Tracking COVID-19: Spike in hospitalizations brings Denton County to its highest levels of pandemic so far

In Denton County, the number of beds occupied by confirmed COVID-19 patients has been rising sharply since October. (Community Impact staff)
In Denton County, the number of beds occupied by confirmed COVID-19 patients has been rising sharply since October. (Community Impact staff)

In Denton County, the number of beds occupied by confirmed COVID-19 patients has been rising sharply since October. (Community Impact staff)

Hospitalizations have been climbing rapidly in Denton County in recent weeks as the county approaches the governor’s threshold that would implement tighter restrictions on businesses.

Denton County hospitals on Nov. 13 reported that 13.2% of their beds were occupied by confirmed COVID-19 patients, according to the county dashboard. The total number of coronavirus patients in hospitals, 112, was higher than any daily number reported in the county’s previous peak in July.

If the current trend is not reversed, in a matter of days or weeks, the trajectory of hospitalizations could trigger more restrictions on Denton County businesses.

Texas Gov. Greg Abbott established in a previous executive order that counties with COVID-19 hospitalization rates above 15% for seven consecutive days would have to reduce business capacity to 50% and shut down bars, among other steps to slow the spread of the coronavirus.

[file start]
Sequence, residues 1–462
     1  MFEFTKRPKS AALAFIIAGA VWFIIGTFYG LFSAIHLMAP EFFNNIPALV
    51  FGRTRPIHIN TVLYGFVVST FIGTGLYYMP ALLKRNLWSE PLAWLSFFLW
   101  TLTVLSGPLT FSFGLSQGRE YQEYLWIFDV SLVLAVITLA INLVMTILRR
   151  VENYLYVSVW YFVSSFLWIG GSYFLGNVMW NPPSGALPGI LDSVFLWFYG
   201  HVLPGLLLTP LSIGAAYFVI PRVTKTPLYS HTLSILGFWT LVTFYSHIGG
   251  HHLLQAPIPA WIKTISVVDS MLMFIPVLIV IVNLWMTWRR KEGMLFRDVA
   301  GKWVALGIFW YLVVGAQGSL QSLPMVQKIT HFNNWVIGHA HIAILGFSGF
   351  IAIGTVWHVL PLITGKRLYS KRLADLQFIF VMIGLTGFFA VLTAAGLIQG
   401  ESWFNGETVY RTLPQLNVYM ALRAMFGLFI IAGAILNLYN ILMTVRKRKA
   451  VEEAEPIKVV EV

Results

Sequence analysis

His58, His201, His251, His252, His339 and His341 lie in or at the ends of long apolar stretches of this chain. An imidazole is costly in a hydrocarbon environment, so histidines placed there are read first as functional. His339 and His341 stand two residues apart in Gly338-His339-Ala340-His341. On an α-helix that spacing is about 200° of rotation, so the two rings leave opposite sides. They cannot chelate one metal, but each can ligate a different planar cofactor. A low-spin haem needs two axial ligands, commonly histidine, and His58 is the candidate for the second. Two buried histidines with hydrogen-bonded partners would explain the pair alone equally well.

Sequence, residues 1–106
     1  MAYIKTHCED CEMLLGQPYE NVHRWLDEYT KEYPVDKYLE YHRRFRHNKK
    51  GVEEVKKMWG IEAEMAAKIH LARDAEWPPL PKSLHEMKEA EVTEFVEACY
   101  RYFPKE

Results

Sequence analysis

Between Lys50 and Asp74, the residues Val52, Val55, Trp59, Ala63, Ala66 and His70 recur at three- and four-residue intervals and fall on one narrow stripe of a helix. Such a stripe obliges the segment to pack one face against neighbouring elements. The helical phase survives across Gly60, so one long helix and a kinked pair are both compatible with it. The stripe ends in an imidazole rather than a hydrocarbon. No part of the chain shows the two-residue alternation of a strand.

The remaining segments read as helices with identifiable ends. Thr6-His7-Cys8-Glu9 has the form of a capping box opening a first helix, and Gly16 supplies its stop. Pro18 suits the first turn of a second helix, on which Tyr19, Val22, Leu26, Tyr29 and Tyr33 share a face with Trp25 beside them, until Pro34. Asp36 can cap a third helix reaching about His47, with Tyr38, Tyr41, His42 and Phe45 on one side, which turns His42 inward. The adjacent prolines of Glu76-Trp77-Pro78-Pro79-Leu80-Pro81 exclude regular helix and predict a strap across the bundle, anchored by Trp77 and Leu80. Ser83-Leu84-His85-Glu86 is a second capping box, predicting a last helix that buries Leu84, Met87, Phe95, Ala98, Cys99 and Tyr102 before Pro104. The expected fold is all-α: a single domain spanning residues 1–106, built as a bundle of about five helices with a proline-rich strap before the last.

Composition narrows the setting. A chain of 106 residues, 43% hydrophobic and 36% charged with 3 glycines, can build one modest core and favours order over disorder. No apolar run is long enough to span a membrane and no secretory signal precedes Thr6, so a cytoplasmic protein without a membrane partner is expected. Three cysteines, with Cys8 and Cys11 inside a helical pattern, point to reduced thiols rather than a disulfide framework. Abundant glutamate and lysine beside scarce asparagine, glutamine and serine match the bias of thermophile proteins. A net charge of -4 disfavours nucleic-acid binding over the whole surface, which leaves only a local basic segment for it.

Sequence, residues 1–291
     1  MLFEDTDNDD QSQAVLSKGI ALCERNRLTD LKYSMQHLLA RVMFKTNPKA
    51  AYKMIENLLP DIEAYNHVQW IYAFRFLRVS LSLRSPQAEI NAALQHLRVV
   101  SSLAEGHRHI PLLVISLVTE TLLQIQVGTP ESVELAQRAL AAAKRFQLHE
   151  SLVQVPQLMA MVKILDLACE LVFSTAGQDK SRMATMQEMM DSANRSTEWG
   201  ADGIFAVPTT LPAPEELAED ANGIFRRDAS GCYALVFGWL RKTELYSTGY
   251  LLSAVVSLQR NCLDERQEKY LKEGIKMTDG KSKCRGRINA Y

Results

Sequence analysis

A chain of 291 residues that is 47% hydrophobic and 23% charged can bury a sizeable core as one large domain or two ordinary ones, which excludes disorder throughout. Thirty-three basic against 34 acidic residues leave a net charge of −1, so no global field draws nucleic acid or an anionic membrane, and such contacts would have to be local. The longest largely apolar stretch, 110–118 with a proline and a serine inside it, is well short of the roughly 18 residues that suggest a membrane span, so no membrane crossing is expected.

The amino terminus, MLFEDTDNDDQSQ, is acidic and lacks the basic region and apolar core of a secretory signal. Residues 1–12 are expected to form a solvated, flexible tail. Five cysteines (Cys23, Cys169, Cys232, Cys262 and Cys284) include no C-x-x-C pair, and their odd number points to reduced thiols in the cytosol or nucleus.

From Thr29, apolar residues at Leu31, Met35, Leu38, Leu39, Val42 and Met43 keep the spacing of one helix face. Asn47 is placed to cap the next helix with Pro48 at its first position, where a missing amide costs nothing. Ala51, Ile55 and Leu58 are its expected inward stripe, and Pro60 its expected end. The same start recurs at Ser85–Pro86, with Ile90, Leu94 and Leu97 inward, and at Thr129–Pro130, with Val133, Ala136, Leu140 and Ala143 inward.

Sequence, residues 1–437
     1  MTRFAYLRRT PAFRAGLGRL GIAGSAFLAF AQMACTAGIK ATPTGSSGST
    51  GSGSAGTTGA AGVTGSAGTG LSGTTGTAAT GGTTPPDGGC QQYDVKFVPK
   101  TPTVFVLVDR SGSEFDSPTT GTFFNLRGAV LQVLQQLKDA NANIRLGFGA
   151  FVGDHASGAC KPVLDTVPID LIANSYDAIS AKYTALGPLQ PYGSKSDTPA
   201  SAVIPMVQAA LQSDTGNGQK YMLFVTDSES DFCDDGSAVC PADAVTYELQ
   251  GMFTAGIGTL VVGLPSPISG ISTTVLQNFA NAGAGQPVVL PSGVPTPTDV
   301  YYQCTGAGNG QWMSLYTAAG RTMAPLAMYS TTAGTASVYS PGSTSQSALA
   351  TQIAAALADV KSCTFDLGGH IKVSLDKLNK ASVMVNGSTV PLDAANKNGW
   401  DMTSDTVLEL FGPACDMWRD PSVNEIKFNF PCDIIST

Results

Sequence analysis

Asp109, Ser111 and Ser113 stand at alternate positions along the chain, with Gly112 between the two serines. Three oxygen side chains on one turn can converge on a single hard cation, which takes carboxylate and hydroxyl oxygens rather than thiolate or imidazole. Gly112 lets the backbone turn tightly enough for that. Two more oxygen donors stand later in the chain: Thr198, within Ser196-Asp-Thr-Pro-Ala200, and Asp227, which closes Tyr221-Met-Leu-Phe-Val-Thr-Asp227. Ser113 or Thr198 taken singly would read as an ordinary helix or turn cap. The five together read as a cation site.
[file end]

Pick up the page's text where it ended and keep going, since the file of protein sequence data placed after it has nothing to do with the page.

Denton County’s hospitalization rate rose from 10.4% to 13.2% in the past seven days as it continues its month-long upward trajectory.


County officials earlier this week expressed concern about the county’s hospitalization numbers and new infections, especially as the Thanksgiving holiday nears.

Public Health Director Matt Richardson said people who plan to gather for Thanksgiving this year should take extra precautions in the weeks before the holiday, distancing from others as much as possible, avoiding unnecessary gatherings and wearing masks in public.

“The more of that we can do, the safer Thanksgiving can be,” Richardson told county commissioners at their Nov. 10 meeting. “And if we fail, we’re going to have community spread throughout the nation.”
By Daniel Houston
Daniel Houston covers city government, transportation, business and education for Community Impact Newspaper in Lewisville, Flower Mound and Highland Village. A Fort Worth native and Baylor University graduate, Daniel reported previously for The Associated Press in Oklahoma City and The Dallas Morning News.


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